Eligibility and Priorities Puget Sound Stewardship & Mitigation Fund

The Fund is open to organizations of any size. Grants will be awarded up to a maximum of $40,000. If your organization has an annual budget of $150,000 or less, we recommend applying for a grant of $10,000 or less.

In addition to anticipating proposals from larger organizations, we’ve specifically reserved some of the grant funds for smaller grassroots organizations and we encourage proposals from local, volunteer-based groups and environmental justice oriented organizations. To learn more about funding opportunities for small grassroots groups in the PNW, please refer to our Pacific Northwest Grassroots Fund page.

Project proposals centered around equity and with strong community involvement and participation are especially encouraged to apply.

We welcome 1st-time grant seekers and want to help new applicants and emerging organizations navigate the grant application process. Please contact us if you have any questions or need help navigating the application.


For the current grant cycle, the applicant and project must meet the following criteria:

Types of Projects Supported: Projects designed to improve (or prevent degradation of) the water quality of Puget Sound and its watershed. Project activities include water stewardship, advocacy, outreach and education, restoration, and watershed protection. Project proposals with strong community involvement and participation are especially encouraged.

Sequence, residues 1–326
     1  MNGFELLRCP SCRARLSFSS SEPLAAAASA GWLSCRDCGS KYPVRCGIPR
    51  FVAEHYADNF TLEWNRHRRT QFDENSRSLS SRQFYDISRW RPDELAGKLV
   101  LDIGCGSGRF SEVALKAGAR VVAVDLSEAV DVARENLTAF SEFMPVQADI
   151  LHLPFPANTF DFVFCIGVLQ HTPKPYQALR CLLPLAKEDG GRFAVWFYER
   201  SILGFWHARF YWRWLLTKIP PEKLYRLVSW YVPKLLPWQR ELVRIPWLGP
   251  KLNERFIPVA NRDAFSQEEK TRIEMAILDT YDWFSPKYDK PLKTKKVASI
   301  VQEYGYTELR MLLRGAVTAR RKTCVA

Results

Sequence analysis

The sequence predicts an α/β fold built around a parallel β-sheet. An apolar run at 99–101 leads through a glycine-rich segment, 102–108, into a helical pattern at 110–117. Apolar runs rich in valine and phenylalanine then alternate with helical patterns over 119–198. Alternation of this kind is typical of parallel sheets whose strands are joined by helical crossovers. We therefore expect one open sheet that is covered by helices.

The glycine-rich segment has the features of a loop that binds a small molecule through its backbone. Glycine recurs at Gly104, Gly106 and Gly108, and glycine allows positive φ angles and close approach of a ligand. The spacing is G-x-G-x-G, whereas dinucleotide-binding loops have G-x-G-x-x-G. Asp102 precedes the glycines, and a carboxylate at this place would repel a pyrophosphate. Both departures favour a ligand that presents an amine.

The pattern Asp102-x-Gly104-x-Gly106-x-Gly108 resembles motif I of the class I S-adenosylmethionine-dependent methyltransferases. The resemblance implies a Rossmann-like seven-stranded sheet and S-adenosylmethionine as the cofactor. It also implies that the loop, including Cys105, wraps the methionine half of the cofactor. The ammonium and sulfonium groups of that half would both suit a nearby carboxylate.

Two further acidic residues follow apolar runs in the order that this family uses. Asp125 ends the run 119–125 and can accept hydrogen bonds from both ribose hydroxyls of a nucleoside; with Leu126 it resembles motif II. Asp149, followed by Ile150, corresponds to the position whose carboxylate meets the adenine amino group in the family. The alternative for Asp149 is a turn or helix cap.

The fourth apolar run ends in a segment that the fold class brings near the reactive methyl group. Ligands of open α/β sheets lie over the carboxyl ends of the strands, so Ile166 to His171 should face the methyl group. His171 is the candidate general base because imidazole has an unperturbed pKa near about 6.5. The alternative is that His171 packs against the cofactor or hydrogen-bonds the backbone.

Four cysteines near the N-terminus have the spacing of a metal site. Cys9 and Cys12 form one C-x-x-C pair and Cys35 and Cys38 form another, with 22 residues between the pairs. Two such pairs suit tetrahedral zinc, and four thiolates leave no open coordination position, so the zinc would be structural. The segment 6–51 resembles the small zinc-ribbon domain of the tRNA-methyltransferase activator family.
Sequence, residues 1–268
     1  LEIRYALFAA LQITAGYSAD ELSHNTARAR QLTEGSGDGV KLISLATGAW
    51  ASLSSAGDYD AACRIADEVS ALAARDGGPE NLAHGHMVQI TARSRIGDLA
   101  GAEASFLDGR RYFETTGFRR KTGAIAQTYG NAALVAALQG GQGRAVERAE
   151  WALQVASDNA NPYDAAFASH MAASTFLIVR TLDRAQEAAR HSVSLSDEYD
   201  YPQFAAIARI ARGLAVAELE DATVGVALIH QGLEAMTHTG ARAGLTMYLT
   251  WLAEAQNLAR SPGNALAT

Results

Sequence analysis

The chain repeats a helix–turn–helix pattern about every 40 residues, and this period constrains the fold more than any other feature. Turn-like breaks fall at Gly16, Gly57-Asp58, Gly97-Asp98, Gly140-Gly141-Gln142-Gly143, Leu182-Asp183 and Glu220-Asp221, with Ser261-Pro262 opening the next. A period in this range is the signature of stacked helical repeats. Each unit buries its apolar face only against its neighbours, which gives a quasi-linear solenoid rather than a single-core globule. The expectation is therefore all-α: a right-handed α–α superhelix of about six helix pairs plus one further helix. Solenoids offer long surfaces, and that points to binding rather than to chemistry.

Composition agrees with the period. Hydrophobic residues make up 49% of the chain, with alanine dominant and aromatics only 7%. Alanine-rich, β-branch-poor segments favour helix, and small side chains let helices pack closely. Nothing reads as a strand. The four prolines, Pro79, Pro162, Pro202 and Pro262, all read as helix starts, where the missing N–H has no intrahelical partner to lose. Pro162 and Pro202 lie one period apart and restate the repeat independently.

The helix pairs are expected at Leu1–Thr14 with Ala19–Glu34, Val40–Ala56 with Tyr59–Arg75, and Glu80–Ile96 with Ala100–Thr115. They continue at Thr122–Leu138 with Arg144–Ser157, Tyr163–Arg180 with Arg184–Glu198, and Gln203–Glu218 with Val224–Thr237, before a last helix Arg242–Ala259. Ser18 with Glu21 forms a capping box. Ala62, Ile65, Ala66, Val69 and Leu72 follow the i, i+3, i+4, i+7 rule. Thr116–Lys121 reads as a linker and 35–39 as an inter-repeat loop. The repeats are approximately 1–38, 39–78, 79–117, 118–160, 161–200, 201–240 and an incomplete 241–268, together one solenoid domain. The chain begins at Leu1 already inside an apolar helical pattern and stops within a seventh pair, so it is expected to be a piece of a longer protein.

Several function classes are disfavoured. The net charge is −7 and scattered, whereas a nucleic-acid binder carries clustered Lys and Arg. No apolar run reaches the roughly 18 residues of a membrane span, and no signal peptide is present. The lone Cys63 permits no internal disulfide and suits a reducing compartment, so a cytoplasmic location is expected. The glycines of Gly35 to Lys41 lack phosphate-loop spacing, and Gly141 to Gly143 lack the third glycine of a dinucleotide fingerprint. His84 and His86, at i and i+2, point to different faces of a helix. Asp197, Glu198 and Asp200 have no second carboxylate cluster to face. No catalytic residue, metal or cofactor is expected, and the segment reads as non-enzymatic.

Geographic Focus:

  • South Sound, especially Budd Inlet and associated waters
  • Central Sound
  • Skagit River watershed and associated reaches of Puget Sound
  • Duwamish River
  • Snoqualmie River watershed


Applicant Requirements: The applicant must demonstrate the capacity to complete the proposed project, including experience in successfully conducting similar or otherwise related work in the past.

Environmental Justice: Supporting environmental and social justice is a core organizational value that guides the Fund and the Rose Foundation. Applications from environmental justice-oriented organizations are highly encouraged. Projects that involve impacted communities and are centered around principles of equity will be given preference.

Local Community Focus: The Rose Foundation has a strong preference towards supporting locally-based, community-led projects. If your organization is statewide or national in scope, or has a large multi-million-dollar budget, we encourage you to partner with a locally-based group in your proposal.

Duration of Support: Most grants are for a one-year period; however, you do not have to ask for a one-year grant. It is permitted to request a shorter or longer grant period if that is what you need.

Grant size: Maximum $40,000 (even if requesting asking for multi-year support).

Frequency of Applying: Organizations that have been funded may re-apply in the next cycle after their grant report has been submitted. After three consecutive years of funding, groups must wait two years before reapplying.